It is impossible to separate the message from the messenger. If we are trying to be someone else or sell someone else's ideas that we do not agree with, our students will know it and they will call us on it. They may not verbalize it, but they will tell us by their behavior that they feel that we are being disingenuous.
There are a lot of ideas about how best to manage a classroom, how to present a lesson, how to connect with students, etc. . Frequently I can't say whether something will work for me or not until I try it. If there seems to be good research supporting an idea, I will almost always give it a shot. Last year, after returning home from TMC14, I was so excited to try everything I tried in Elizabeth's Group Work Working Group session. I tried out her classroom circles and my students looked at me like I was asking them to do yoga in math class. It didn't work because it just didn't fit me and my students. Next, I tried out Talking Points. It didn't work perfectly, but I still liked what I saw and I tweaked the structure a bit to help my students remember to justify each statement. Nearly everything that works well in my class is something that I learned from someone else and then tweaked it to fit my personality and the needs of my students.
Sometimes a lesson will just crash and burn. It happens. And it is always fixable. Be kind to yourself. The best teachers are students too. We tell students that we don't always expect them to get things right on their first attempt. Making mistakes is how we learn. Admitting our mistakes to our students and apologizing when needed demonstrates that we really do value mistakes and that the slogan "Errors are Opportunities" is not just a sign that we hang on the wall. The best teachers never stop being students.
Pay attention to the language that you use with your students. Do not say it unless you can own it. To say to a student "I understand", without taking the time to listen to them and to try to understand them is false and damaging to relationships. Much better would be to say "Help me to understand". Listen to your students. Sarcasm is hurtful. Praising one student as a means of shaming another student into behaving is harmful. Please, Thank-You, and I'm Sorry can heal chasms of hurt. Do not speak unkind words about other teachers, administration, or faculty. Do not allow students to speak unkind words about them in your presence. Unkind words are damaging to our souls. Remember that "We as teachers are all trying, to the best of our ability, to have students reach the best of their ability" (Meg Craig). Oh how I wish I could take back some of the unkind, insensitive things that I have said to/about others. Words matter.
Use the Smallest Intervention Possible
Here are a few of my 'best' classroom management strategies that I have learned/adapted along the way:
Make Your Grades Matter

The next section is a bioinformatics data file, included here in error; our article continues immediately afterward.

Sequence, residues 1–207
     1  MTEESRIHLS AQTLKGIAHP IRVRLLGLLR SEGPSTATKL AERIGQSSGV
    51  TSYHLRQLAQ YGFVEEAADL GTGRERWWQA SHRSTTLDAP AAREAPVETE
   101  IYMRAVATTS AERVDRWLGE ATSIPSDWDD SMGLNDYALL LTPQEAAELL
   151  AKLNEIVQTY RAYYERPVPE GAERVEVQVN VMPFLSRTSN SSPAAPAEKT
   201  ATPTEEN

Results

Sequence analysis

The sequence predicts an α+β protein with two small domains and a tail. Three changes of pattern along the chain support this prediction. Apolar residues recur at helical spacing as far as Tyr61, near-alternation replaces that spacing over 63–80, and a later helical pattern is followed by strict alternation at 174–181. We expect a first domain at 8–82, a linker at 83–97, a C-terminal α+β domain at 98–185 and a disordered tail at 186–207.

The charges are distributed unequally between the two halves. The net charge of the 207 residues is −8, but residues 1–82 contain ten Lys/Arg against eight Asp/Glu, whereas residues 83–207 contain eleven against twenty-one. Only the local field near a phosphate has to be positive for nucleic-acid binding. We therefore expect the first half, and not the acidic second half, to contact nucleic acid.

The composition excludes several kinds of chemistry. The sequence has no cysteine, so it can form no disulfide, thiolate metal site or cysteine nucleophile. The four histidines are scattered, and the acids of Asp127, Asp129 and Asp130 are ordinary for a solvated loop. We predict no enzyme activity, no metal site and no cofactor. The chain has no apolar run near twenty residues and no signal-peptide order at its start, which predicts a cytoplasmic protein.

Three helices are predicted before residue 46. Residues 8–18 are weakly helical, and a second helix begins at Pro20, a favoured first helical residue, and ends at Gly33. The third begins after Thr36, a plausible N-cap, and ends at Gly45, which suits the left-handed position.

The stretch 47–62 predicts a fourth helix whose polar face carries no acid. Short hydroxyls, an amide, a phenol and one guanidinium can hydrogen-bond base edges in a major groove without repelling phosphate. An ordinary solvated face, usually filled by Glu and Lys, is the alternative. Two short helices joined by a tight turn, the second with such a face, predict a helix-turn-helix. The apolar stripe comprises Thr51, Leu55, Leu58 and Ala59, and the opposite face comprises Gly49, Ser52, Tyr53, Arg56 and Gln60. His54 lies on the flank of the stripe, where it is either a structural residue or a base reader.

If, like me, you are required to give students grades, make the grades matter. Do not offer grade-related rewards (free homework pass, dropping a low test score, etc) for good behavior. This sends the message to students that learning is a punishment and that you are rewarding them by removing this punishment.
Be Willing to Seek Help
If there is one rule that saved me as a first-year teacher, it is this one: I will not cry alone. I cried a lot as a first-year teacher. That's how I deal with pain - and I was in a lot of pain in both my professional and personal life. I learned that when I was in pain, I needed to reach out to others to help me heal and to help me find solutions to my problems. I am eternally indebted to the wonderful coworkers, friends and family who helped me through that awful year. The offered help, advice, strategies, lesson plans and so much more. They didn't judge me, they just listened. They believed in me, even when I didn't believe in myself. I am so grateful.
While you will probably have some hard times as a first-year teacher, I also believe that you can experience a lot of success and joy this year. I am grateful for my horrible first year of teaching because it allows me to respond to empathy to the struggles of others. When things do get hard, and they will, please don't try go it alone. Find a community that offers you the support that you need. I hope you can find that at your school. Lately I have found some of my best support and problem-solving within the MathTwitterBlogoSphere (#MTBoS). We want you to be successful. Please let us help you in your journey because we know that surely you will someday help us in ours.
About the author: MaryAnn Moore (@1mooreorless) is the editor and lead writer of the UCTM blog. She teaches 8th and 9th grade math in Davis School District. When not teaching, MaryAnn enjoys playing violin, running, cooking and traveling. You can contact her at email@example.com.